Edward Buck is a PE teacher at Giggleswick School in Yorkshire, having held similar positions at Christ College Brecon and Wellingborough School.
What school (s) did you go to?
I attended Easingwold School in Yorkshire until year 11. I then accepted a sports scholarship to Giggleswick School in 2009.
What’s your earliest sporting memory?
My earliest sporting memory would be having a kick around at Hovingham Primary School in the walled playground and playing for Easingwold Town Football Club.
Who were your sporting heroes growing up?
Growing up I was a football fanatic and aspired to be like the Leeds legends at the time such as Alan Smith, Mark Viduka and James Milner. My interest slowly shifted to rugby following the 2003 World Cup which saw Martin Johnson lift the World Cup. He has always been an inspiration and I was lucky enough to meet him at his son’s rugby tournament a few years ago.
What are your best sporting memories of school?
My best sporting memories have come through playing in various representative rugby teams such as the North of England Lambs and several rugby clubs. My fondest sporting memory comes from playing cricket and reaching various cup finals when attending Easingwold School. Looking back now, playing school sport week in week out with your friends is a lasting memory which has given me so many life skills.
What are your worst sporting memories of school?
My worst sporting memories are cold weather rugby and cross country. The famous cross-country course (Scarrig) at Giggleswick School still has some of my lungs scattered across the fells. Another bad memory would be losing those close games but looking back I probably learned more from those games than the ones I won.
Can you recall a memorable sporting teacher?
The main influences and memorable teachers were Paul Betts, Chris Tiffany and Jonny Marwood at Easingwold School who gave me endless opportunities to represent the school and representative sides. David Muckalt is also a memorable character. He gave me an opportunity at Giggleswick which embedded the lifelong love of sport and motivation to pursue a career in it.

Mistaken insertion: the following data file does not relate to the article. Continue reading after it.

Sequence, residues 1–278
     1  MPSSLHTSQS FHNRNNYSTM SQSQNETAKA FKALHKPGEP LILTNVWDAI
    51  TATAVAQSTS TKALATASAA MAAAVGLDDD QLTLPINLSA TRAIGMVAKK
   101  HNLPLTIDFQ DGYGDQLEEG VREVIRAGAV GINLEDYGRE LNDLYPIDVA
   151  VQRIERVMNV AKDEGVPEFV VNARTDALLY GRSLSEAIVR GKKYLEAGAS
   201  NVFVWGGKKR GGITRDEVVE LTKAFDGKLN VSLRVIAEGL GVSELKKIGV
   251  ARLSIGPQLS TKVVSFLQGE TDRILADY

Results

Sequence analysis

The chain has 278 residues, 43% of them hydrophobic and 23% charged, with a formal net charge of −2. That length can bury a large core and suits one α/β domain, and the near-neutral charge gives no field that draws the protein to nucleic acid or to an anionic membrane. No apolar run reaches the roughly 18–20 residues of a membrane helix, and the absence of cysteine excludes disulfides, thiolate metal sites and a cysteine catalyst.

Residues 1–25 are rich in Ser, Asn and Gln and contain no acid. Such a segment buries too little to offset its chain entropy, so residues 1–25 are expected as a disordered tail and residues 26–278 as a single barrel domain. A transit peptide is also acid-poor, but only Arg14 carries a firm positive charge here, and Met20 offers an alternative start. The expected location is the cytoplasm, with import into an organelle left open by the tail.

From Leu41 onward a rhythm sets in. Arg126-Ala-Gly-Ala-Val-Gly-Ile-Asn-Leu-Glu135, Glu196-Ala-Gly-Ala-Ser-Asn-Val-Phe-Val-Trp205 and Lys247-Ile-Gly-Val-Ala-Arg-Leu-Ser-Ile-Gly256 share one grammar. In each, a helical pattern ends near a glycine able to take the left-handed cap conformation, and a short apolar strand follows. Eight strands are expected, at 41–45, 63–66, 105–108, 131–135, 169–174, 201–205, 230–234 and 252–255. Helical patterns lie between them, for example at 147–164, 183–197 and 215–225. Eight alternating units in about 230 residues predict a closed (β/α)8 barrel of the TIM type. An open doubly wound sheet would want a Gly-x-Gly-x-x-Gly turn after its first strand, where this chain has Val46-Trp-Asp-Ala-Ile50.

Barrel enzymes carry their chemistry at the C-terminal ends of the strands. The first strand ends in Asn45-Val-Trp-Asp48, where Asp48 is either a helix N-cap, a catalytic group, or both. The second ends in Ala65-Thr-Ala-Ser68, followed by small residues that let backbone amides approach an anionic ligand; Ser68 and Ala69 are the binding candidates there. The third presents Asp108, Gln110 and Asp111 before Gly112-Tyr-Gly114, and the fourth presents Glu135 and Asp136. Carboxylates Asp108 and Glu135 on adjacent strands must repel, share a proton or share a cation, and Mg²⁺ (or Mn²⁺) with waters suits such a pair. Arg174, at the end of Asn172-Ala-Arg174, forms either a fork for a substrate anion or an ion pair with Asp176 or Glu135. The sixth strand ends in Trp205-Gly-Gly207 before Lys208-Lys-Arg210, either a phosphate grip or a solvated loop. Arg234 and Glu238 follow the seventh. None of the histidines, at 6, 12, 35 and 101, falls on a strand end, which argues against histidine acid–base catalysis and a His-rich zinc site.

What sports do you play these days?
I am currently retired from competitive sport due to work commitments but I am still hopeful to put the boots on again soon. I enjoy playing all sports socially including football, golf and cricket.
In what other ways do you stay healthy?
Been a PE teacher, you tend to be on your feet all day especially at a campus as big as Giggleswick so this certainly keeps you fit. Other methods come through attending the gym regularly and spending time out in the Dales on long walks.
What is your favourite sporting memory?
My favourite sporting memory is probably watching England lift the 2003 World Cup. More recently it would be watching the England Roses beat Australia at the Commonwealth Games.
What’s been your most embarrassing sporting moment?
Scoring on the 5m line and celebrating is always an embarrassing experience.
What’s your biggest sporting bugbear?
More recently, I have spent a lot of time watching a wide range of sports at grassroots level. My biggest bug bear in this sporting environment would be the pushy parents and the comments some shout on the touchline towards officials and volunteers.
When was the last time you cried at a sporting event?
I haven’t got emotional at many sporting events, but I certainly got goose bumps was watching England Roses beat Australia in the netball final at the Commonwealth Games. I also get very into the Olympics and Paralympics and watching some of the individual success stories can be very tear-jerking.
Which three sports people would you like to have around for dinner and why?
Clive Woodward, an interesting guy who has accomplished so much in a wide range of sporting teams. Tracey Neville, a northern lady who seems like she would provide some good stories. I also need some tips on my netball coaching for next year. Usain Bolt, a legend who I have always wanted to meet. He also seems like a good laugh to have at a dinner table.
MY SPORTING LIFE